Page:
The yellow coating/reflection color has nothing to do with radioactivity.

You can test a lens by holding it in front of a sheet of white paper. Looking through the lens will show you how the glass affects the colors. When the sheet's color gets altered to yellow, you have a yellowed lens. Simple stuff.

To make sure a lens is really 'hot' you have to measure it with a radioactivity counter.


Thanks. I just checked my copy of the Fujinon EBC 28/3.5 with a Terra-P geiger counter and it is not radioactive.


PostPosted: Mon Feb 12, 2018 10:24 am    Post subject: Reply with quote

Lightshow wrote:

Nice to see confusion dominates the subject.
I've never heard of anyone being stopped for a radioactive lens


That's quite easily explained: It's not foreseen to check passengers or their luggage for radioactive radiation. If my memory serves me right, Russia did that as the only country on earth although I don't know if they still do that.

FYI I've been active in this industry for several decades and have been responsible for international aviation safety and security as well. Wink


PostPosted: Mon Feb 12, 2018 12:48 pm    Post subject: Reply with quote

A member of the Facebook Group, Photography With Classic lenses had their shipment stopped due to it failing a radiation check. The lens was a 50/1.4 super Tak being sent via ebay's Global Shipping Programme from the US to Canada.


PostPosted: Mon Feb 12, 2018 5:41 pm    Post subject: Reply with quote

itsfozzy wrote:
A member of the Facebook Group, Photography With Classic lenses had their shipment stopped due to it failing a radiation check. The lens was a 50/1.4 super Tak being sent via ebay's Global Shipping Programme from the US to Canada.


Well, that's indeed interesting as we speak here about transportation of cargo.

For cargo the international laws are as follows:

It's purely the shippers responsibility and liability to declare dangerous goods and to adhere to e.g. the ICAO laws (if it's air cargo) for the definition of dangerous goods. If in doubt, the shipper has to sign a shipper's declaration for non-dangerous goods. There is a certain level of radiation measured outside the surface of the package which makes the difference and there are certain goods irrespective of radiation as well. Camera lenses do not belong to the listed goods. Generally it's allowed to ship radioactive goods as long as they are well declared and proper packed according to the laws; i.e. there is no reason to deny the acceptance of radioactive goods for transportation.

However, every transportation company or airline is free to do some additional checks on their own but nobody is forced by law to do that, not even in the U.S or Canada. Otherwise I would know as the airline I was working for used to have regular scheduled flights to these countries. We definitely didn't measure anything at cargo or luggage acceptance. However, sometimes we undertook some random checks at our home base just out of curiosity, particularly to check the proper package of known radioactive goods, but never ever for camera lenses or even wrist watches, which happened to be radioactive as well some years ago.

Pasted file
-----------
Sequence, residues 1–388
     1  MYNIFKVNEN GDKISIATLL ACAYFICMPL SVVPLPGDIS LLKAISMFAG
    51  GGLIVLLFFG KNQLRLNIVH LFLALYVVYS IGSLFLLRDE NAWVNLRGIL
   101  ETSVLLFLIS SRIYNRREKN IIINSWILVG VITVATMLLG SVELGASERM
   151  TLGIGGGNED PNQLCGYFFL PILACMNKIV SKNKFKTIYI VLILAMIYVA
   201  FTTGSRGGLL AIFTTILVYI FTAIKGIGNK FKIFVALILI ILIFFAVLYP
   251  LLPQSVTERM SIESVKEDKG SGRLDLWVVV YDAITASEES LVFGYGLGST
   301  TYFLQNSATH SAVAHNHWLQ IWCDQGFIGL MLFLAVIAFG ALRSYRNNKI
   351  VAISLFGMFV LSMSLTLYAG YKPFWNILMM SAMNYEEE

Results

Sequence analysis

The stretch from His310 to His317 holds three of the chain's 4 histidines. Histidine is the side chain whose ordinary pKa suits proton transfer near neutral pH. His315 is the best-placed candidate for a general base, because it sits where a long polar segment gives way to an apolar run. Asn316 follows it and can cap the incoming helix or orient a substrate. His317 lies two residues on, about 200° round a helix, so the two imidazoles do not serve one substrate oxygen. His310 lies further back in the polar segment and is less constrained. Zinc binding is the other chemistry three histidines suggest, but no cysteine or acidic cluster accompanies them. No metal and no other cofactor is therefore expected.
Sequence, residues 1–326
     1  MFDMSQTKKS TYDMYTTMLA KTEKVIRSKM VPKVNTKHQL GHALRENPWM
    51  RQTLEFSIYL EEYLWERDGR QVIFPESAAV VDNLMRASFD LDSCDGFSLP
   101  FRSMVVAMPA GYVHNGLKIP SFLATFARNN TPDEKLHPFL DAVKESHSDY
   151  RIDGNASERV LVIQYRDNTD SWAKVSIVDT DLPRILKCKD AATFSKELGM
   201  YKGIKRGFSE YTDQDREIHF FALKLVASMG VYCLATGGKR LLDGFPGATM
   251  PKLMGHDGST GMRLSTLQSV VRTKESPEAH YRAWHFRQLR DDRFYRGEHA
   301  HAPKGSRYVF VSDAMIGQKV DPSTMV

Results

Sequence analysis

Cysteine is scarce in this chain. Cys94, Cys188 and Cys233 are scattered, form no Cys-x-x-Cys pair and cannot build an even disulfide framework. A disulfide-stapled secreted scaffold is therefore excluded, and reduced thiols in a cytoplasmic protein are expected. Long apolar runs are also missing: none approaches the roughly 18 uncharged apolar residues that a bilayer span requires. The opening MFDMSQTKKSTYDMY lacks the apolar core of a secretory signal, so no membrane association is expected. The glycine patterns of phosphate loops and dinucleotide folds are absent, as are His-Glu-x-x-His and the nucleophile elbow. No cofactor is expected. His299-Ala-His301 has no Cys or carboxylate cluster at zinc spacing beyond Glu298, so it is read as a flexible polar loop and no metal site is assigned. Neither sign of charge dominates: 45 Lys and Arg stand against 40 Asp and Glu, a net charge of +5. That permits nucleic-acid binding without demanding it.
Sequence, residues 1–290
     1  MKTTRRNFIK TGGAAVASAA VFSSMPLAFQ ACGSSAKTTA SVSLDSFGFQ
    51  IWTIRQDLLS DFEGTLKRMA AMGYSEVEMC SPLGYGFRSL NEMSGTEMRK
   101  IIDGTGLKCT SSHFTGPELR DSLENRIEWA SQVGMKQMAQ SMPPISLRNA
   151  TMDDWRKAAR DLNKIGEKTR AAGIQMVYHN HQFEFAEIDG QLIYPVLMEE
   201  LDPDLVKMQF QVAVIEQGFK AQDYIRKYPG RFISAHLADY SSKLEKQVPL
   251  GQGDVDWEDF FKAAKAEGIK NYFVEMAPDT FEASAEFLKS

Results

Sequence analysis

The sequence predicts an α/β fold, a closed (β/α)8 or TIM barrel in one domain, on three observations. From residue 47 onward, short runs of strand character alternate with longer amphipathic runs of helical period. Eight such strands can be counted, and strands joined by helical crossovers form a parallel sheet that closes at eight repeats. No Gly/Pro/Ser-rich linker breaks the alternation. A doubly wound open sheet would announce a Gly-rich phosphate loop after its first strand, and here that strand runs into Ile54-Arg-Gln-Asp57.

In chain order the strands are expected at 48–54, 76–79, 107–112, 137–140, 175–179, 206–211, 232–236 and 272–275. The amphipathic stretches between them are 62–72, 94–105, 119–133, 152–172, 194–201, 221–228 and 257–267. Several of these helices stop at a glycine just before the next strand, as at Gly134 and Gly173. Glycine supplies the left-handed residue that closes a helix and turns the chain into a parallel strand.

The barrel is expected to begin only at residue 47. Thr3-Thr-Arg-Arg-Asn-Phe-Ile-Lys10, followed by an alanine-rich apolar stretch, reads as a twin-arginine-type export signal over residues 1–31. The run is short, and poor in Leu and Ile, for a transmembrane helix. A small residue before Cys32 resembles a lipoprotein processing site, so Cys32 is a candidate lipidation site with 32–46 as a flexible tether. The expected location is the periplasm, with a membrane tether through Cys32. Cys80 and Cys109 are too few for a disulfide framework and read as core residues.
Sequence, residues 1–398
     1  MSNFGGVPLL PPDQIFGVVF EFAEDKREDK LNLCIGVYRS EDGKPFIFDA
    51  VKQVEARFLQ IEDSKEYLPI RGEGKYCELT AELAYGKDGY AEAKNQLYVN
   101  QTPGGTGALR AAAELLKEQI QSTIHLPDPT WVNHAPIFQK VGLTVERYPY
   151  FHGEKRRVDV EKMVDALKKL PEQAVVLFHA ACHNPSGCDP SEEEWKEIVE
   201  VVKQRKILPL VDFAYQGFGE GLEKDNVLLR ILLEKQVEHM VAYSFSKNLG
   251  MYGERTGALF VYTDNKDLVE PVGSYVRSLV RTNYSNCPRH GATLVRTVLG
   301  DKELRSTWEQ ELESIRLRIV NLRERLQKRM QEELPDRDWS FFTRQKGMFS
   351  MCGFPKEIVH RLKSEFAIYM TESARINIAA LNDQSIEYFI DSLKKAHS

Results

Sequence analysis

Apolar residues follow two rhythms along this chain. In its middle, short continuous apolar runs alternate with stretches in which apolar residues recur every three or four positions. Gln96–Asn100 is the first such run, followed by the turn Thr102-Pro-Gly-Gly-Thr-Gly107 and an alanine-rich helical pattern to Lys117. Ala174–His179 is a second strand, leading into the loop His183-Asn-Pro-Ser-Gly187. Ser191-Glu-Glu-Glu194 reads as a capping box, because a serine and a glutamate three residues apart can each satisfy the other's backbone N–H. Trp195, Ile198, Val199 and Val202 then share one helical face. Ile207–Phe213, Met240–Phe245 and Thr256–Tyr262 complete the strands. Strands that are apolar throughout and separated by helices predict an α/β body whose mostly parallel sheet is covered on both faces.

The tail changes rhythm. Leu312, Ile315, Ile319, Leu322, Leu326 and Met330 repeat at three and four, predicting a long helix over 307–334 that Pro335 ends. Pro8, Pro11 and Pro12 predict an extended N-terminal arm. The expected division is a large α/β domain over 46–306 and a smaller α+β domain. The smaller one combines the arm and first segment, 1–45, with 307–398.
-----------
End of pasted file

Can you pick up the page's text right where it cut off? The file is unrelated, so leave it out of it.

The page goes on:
To deny the transportation of a single Super Takumar lens is simply crazy and nothing else.


PostPosted: Tue Feb 13, 2018 3:03 pm    Post subject: Reply with quote

indianadinos wrote:
Hi,

an33sh wrote:
I'm traveling for work and don't want this to get in the way or worst case, end up being flagged or something for carrying radioactive sh1t.


Most of the people traveling with old fluorescent wrist watches are carrying radioactive (tritium) stuff ...


Well, the probable explanation is that tritium is low energy beta, and therefore can't be easily detected with normal equipment.
Some decay products of the Thorium decay chain are naturally not just alpha emitter and as far as I know (hearsay) big airports do have dosimeters/detectors to pick up radiation if someone tries to smuggle material.
If you are getting close enough to a detector, it might pick up something. E.g. the almost 40 µSv/h at back of my Porst 1.2/55 mm.
See: http://www.digicamclub.de/showthread.php?t=13351&page=5&p=216839&viewfull=1#post216839
There is increased activity detectable within almost a meter, so if one is unlucky, you might get in trouble like the guy in Russia. I have flown a few times within Europe, always from German airports, carrying the Porst 1.2/55 mm and never had issues, but I now leave it mostly at home, also because my Minolta 1.2/50 is better... Wink
So just make sure that it is not too hot, as compared to background. I would then not expect any trouble.


PostPosted: Tue Feb 13, 2018 3:19 pm    Post subject: Reply with quote

My own radioactive lens, an Aero Ektar 610mm f6, is a significant gamma ray source. However, based on you-tube videos I have seen, if you back the probe away several feet, even from that much larger lens, the gamma ray count falls to where it is close to background.

So I suspect the distance between probe and lens will be important as regards any possible detection and AA (adverse action).